"The following day (of Diwali) is Amaavasya (New Moon day). Krishna freed from the prison 16,000 women and asked them to go back to their respective homes. But all the Gopikas (cowherdesses) fell at Krishna's feet and pleaded that it would not be possible for them to live in dignity in their old homes after having been the prisoners of Narakasura and they would prefer to end their lives at his feet rather go back. 'You, who are the protector of the universe, cannot protect us?', they pleaded. Krishna agreed to protect them. Because of the pledge, he gave them that he would bear the responsibility of protecting them, he was called their "Bhartaa" (supporter). This has been wrongly interpreted as meaning that he was their husband. It is a libel on Krishna to say that He married 16,000 Gopikas. This Amaavasya day is the day of liberation for the Gopikas. It is a moonless day, when the night is utterly dark. The Gopikas prayed that as on that day they had got the light of freedom. It should be marked by illuminations, which would make everyone rejoice as on a full moon night. It is for this reason that the day, which is New Moon day, is illumined by lamps and fireworks and turned into a Full Moon night." Sai Baba, SS, 1/89, p. 14

Reason Of Fireworks On Diwali

"There is a scientific reason also for this celebration. With the end of the rainy season, water stagnates in many places, and the surrounding areas team with mosquitoes and other insects. The smoke from the crackers and fireworks destroys these insects and disinfects the atmosphere." Sai Baba, SS, 1/89, p. 14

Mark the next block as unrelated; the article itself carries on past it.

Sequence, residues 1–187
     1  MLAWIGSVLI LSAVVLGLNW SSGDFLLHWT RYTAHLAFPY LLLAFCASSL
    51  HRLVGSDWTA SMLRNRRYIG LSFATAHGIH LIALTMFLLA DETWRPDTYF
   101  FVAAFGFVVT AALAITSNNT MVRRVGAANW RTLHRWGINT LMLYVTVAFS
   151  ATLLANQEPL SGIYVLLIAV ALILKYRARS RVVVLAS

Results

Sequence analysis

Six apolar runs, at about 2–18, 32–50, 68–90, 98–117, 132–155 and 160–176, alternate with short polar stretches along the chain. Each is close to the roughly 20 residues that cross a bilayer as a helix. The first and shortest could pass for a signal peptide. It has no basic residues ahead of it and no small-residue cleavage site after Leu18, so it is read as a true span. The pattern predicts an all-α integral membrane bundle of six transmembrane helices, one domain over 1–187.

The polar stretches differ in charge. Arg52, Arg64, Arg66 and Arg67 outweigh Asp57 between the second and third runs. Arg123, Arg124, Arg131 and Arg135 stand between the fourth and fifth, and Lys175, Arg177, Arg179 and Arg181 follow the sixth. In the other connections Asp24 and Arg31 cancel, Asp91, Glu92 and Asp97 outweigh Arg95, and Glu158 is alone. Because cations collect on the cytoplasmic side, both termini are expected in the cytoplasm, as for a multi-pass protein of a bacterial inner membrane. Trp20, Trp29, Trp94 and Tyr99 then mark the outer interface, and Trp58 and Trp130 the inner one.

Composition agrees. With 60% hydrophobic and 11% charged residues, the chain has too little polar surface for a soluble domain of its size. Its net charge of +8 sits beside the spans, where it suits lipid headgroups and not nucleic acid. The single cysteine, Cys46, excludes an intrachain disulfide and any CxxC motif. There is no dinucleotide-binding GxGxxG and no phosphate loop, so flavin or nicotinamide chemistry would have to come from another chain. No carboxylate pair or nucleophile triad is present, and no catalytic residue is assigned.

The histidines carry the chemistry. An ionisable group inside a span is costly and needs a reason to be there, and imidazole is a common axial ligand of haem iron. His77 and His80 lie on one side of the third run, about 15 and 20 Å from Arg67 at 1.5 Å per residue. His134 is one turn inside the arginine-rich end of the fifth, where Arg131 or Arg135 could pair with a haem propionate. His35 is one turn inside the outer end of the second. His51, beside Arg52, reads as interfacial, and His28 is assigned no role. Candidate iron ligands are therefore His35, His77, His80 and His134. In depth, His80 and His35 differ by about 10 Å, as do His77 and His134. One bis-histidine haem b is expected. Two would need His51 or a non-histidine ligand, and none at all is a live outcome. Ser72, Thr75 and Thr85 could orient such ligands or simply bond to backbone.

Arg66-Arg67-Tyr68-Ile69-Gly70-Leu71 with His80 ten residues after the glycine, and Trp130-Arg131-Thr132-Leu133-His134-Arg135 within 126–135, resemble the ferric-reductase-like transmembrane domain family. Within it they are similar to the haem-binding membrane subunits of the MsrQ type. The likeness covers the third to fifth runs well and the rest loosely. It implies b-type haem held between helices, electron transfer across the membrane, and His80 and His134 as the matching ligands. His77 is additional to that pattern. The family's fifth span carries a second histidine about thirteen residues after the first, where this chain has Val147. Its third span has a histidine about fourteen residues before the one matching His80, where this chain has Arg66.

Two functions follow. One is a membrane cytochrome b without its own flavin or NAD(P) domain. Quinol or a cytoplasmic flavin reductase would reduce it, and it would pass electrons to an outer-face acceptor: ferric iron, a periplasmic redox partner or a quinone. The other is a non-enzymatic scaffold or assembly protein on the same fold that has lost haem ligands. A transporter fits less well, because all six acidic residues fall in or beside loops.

Symbolism Of Light

"What is light? It is the means by which we are able to see various objects. During the day we see things by the light of sun and at night by the light of the moon, stars and lamps. What is it that enables us to know that we are seeing things by sunlight or other sources? It is through the eyes. In the Dream State we see many objects although our eyes are closed. Who is the seer in that state and who is the experiencer of the dream? It is the Buddhi (intelligence) that is able to see things by its own luminosity (Tejas). In the Sushupti (deep sleep) state even the Buddhi is not present, but blissful feeling is experienced. Who is the experiencer of this bliss? That is the Atma (the Indwelling Spirit). "I am the Atma and the Atma is "I" is the truth that has to be recognised by everyone. It is the Atma that activates the Buddhi, which enables the eyes to perceive objects. The Atma is the truth and you are the Atma. It is when this truth is experienced, then alone can man realise the transcendental unity that subsumes everything." 'Sai Baba, SS, 9/87, p. 243